As with many senior politicians, he wants the media’s focus to be on the work produced by agreement and compromise since 1998 which “by far outweighs the issues that remain to be resolved.” When pressed on the perception that the current policy process is moving slowly, he replies that many politicians are still “learning to operate in a context of a devolved Assembly with quite significant powers.”
Secondly, he points to the structures (e.g. mandatory coalition) which have emerged from the peace process. These have made the Assembly “as inclusive as possible” but have also made it “much more difficult to arrive at consensus and agreement on decisions – even strategic decisions.”
However, McLaughlin also sees the Good Friday Agreement’s arrangements as a strength as they have survived several crises since 1998. Changes, he notes, can be made by an all-party agreement which will be backed by the two governments.
“This generation of politicians have come out of that scenario and have brought it to this point,” the Speaker states. “We are now seeing young people come on to the electoral register who have no experience of that conflict. They are about to become – if you like – the new generation of voters, out of which will come the new generation of MLAs.”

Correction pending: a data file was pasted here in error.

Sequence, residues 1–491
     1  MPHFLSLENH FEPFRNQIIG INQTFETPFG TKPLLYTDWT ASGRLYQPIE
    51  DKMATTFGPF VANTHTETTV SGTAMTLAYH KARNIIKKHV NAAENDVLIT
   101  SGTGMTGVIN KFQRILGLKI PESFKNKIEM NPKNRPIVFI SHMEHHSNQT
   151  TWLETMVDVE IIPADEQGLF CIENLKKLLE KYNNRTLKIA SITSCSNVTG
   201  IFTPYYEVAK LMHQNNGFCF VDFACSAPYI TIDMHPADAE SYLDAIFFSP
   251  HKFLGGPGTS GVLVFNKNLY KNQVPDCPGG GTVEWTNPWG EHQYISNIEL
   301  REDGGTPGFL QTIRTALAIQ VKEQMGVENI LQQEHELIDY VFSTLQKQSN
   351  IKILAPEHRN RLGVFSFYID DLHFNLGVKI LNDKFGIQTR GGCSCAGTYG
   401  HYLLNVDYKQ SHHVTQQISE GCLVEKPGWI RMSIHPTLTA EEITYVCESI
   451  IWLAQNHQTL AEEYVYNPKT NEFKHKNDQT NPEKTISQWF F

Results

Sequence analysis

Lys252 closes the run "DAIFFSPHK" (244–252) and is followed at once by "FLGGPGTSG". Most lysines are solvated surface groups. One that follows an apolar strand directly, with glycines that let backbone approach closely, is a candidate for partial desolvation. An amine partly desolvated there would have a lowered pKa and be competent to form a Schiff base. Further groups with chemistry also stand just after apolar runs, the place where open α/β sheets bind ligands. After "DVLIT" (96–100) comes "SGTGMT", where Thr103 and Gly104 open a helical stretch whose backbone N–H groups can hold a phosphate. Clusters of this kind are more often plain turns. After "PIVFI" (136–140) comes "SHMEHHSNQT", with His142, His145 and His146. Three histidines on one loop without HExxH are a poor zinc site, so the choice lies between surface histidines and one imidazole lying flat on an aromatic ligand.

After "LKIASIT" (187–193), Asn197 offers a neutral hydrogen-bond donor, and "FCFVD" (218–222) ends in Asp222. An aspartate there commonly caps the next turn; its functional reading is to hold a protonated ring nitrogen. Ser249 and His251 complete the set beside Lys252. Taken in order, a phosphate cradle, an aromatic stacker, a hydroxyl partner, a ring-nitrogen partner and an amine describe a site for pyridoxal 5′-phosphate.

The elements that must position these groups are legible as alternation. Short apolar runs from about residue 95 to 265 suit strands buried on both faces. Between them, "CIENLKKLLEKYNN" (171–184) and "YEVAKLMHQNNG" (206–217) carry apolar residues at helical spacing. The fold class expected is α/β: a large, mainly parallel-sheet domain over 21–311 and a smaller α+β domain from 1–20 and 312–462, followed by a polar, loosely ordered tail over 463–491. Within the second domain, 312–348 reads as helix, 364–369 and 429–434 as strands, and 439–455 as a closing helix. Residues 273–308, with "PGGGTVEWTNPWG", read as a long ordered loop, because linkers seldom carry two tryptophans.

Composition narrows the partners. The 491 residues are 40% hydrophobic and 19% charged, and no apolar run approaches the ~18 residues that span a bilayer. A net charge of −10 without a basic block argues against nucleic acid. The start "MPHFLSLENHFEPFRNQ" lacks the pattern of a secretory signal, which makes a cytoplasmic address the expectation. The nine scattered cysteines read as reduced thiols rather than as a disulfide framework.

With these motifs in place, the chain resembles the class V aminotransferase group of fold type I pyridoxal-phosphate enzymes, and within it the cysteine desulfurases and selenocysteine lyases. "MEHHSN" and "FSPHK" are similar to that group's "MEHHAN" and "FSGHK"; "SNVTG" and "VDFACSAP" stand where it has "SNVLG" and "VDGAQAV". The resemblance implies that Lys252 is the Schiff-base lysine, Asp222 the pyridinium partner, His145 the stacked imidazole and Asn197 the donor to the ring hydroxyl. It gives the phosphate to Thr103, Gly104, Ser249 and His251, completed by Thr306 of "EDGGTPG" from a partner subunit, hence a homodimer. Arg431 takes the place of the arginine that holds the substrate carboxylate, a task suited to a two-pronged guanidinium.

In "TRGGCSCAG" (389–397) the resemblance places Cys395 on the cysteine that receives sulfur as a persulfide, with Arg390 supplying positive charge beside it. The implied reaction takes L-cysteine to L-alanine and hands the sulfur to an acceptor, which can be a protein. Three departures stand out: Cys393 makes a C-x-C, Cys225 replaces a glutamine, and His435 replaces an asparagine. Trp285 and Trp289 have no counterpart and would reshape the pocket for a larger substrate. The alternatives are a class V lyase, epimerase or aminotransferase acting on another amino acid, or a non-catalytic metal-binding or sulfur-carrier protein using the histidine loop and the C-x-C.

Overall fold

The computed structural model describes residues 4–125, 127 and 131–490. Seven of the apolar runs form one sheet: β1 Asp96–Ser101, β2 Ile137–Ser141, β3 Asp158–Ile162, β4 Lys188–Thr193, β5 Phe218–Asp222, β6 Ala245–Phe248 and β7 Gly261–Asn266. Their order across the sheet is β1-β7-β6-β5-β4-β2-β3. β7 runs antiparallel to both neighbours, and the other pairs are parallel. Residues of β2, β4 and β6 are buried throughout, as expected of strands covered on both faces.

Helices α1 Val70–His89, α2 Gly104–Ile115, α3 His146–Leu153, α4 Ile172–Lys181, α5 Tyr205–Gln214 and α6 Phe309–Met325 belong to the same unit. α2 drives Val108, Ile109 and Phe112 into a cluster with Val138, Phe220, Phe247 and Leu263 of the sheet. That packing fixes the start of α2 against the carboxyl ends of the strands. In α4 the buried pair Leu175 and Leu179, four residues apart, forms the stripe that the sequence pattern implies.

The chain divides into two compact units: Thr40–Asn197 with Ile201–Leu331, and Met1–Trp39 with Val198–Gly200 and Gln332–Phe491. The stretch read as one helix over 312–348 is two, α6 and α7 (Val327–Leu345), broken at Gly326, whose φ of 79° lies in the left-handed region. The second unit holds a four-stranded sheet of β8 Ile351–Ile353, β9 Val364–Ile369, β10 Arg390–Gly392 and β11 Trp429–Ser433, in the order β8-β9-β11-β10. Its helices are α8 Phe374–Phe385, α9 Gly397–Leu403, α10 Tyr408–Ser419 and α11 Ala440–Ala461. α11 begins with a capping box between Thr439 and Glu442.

McLaughlin understands public cynicism but is also surprised by the flow of visitors coming to Parliament Buildings and the large audiences who watch Stormont’s proceedings on TV.
“I think that there is quite an investment in this place,” he adds. “People might be disappointed in the politicians they have as opposed to being disappointed in the arrangement that they’re living with.” He thinks that one of the best ways to increase public confidence would be more media coverage of Assembly committees where parties tend to work more closely together than in plenary sessions.
The Speaker’s St Patrick’s Day address calling for more tolerance in society proved popular and he reflects: “There’s always the possibility, particularly on sensitive debates and issues, for the temperature to rise and for people just to resort to the language and the rhetoric of conflict and disagreement – as opposed to maybe taking a positive and constructive approach.” Society has also changed quite significantly since 1998 with larger ethnic minority and immigrant communities, bringing their own traditions.